An Opinion From State Rep Greg Vitali On the Environment
HARRISBURG, Jan. 31 – Gov. Tom Wolf’s address to Pennsylvania’s General assembly on Feb. 8h will mark the official opening of negotiations on the commonwealth’s 2022-23 fiscal year budget. Regrettably, this annual budget has shortchanged the Pennsylvania Department of Environmental Protection for many years. With a rosy revenue picture for the upcoming fiscal year, the governor and the General Assembly should adopt a budget that fully funds the DEP.
The best measure of the DEP’s strength over time is its number of filled positions, i.e., the number of people paid to come to work each day. In 2003, the DEP had 3,311 filled positions. This past December it was down to 2,323 filled positions. That’s about a 30% reduction in staff over the last 18 years. This percent staff reduction is about double that of all commonwealth agencies over the same period. Reduced staffing has compromised the department’s ability to regulate oil and gas development, monitor and reduce air and water pollution and protect the Chesapeake Bay.
Pennsylvania has the money to fully fund DEP. According to the commonwealth’s Independent Fiscal Office, Pennsylvania’s General fund revenue surplus for fiscal year 2021-22 is projected to be over 1.6 billion dollars -the second largest in a decade.
Oil and Gas Program
The DEP’s Oil and Gas Program has oversight over the almost 80,000 Pennsylvania oil and gas wells now in production. In 2015, this program had 226 filled positions. In December it was down to about 181. Last year the DEP’s Oil and Gas Program conducted the fewest number of inspections of oil and gas operations since 2015.
The Oil and Gas Program has responsibility for plugging the estimated 200,000 orphaned or abandoned oil and gas wells in Pennsylvania. These wells can leak methane (a powerful greenhouse gas) and contaminate ground and surface water. Due to limited resources, DEP plugged only about 10 wells last year.
DEP expecting $25 million this year from the Federal INVEST program which could fund the plugging of an additional 500 orphaned or abandoned oil and gas wells. DEP needs more personnel to put out contracts for the plugging of these wells and to oversee the work performed.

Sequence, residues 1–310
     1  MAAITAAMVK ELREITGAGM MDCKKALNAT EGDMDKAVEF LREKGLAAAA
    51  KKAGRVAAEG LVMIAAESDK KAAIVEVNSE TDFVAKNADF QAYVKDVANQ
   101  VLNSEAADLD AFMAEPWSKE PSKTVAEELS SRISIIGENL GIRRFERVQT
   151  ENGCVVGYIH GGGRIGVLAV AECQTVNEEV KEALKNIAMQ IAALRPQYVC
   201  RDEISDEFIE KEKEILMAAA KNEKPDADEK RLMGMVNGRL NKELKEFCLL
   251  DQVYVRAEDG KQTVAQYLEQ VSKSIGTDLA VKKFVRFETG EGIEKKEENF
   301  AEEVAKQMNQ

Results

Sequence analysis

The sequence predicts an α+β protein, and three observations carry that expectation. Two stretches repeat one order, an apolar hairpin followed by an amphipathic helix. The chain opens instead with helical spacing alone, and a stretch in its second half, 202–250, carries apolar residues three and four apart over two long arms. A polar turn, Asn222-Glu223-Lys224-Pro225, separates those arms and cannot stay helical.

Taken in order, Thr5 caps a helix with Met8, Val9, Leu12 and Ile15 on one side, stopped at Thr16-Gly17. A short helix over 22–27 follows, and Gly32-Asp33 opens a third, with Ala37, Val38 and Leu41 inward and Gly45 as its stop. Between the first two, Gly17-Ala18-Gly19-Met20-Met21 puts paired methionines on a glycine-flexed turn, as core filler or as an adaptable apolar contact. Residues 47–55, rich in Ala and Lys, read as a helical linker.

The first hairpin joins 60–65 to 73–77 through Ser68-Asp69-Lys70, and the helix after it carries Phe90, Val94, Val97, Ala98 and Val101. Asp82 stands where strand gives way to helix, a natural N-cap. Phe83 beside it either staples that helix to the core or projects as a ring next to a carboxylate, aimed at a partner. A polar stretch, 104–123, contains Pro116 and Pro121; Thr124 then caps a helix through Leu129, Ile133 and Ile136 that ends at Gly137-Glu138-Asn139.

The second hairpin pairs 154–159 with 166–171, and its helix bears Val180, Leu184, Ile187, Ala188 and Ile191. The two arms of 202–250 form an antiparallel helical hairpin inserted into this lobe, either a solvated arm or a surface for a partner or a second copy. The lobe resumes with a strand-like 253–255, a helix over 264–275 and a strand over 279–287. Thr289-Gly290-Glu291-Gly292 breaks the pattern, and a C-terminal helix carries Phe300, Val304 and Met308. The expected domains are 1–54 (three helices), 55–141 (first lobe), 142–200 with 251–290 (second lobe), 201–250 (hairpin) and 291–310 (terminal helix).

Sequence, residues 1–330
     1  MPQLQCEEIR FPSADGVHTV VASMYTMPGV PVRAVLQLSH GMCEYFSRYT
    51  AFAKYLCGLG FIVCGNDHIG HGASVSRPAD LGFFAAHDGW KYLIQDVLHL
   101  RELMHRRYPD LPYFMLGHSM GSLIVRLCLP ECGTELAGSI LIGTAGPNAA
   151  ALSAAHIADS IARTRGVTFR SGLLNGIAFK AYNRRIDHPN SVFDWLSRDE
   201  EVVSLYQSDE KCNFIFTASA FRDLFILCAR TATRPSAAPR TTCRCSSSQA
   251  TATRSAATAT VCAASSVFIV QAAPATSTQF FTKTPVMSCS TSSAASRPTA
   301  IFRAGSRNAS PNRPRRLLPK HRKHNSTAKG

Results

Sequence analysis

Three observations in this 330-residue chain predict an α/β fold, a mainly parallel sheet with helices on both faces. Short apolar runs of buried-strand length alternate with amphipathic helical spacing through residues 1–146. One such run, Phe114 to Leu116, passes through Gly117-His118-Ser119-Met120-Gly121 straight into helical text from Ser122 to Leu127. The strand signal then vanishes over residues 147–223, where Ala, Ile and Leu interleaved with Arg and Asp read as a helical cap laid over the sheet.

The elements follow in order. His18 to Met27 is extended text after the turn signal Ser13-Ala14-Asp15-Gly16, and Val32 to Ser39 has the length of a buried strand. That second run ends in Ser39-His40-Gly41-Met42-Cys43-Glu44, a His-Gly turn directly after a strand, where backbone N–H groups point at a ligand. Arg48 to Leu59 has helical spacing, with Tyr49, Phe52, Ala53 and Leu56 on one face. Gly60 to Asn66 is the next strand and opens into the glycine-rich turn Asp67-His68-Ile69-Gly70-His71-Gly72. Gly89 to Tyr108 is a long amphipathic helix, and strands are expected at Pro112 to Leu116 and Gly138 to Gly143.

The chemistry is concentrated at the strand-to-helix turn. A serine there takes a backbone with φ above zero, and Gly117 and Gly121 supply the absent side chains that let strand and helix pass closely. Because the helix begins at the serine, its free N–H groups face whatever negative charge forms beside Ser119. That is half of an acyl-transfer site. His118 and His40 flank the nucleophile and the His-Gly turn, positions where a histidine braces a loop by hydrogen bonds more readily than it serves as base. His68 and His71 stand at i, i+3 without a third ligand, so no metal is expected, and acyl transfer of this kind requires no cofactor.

Air Quality Program
In 2005, the DEP’s Air Quality Program had 349 filled positions. In December, it was down to 236 – a reduction of over 32%. A 2018 DEP Air Program report requesting additional staffing indicated “… fewer Department staff to conduct inspections, respond to complaints, and pursue enforcement actions will result in less oversight of regulated industry [and] … reduced protection of the environment and public health …”
In November of 2020 and again in December of 2021 the U.S. Environmental Protection Agency issued a “Finding of Failure…” to DEP’s Air Quality Program for not submitting a required plan to reduce VOC emissions from oil and gas operations. The commonwealth now faces federal sanctions.
Clean Water Program
In 2007 the DEP’s Clean Water Program had 778 filed positions. In December it was down to 647- about a 17% reduction in staff. This January DEP released a draft report showing one-third of Pennsylvania’s streams– 27,886 miles– have impaired water quality making them unsafe for aquatic life, recreation, fish consumption or water supply. That’s a 2,418 increase in impaired stream miles since their 2020 report.
About half of the land area of Pennsylvania drains into the Chesapeake Bay. Pennsylvania’s poor progress in reducing its agricultural runoff threatens the health and recovery of the bay. In 2019 Pennsylvania’s Phase 3 Chesapeake Bay Watershed Implementation Plan identified a $324 million annual funding gap between what is needed to implement its pollution reduction plan versus what is available. According to a 2021 report by the Chesapeake Bay Foundation “Pennsylvania remains far off track…” in meeting its pollution reduction obligations.
The commonwealth’s annual budget has shortchanged the DEP for years. Negotiations between the governor and legislature on this year’s budget are just beginning. Now is the time to influence the process. Concerned citizens should tell Gov. Wolf and their state representatives and senators that the DEP needs more funding.
State Representative Greg Vitali (D., Delaware, Montgomery) is the Democratic Chairman of the House Environmental Resource and Energy Committee.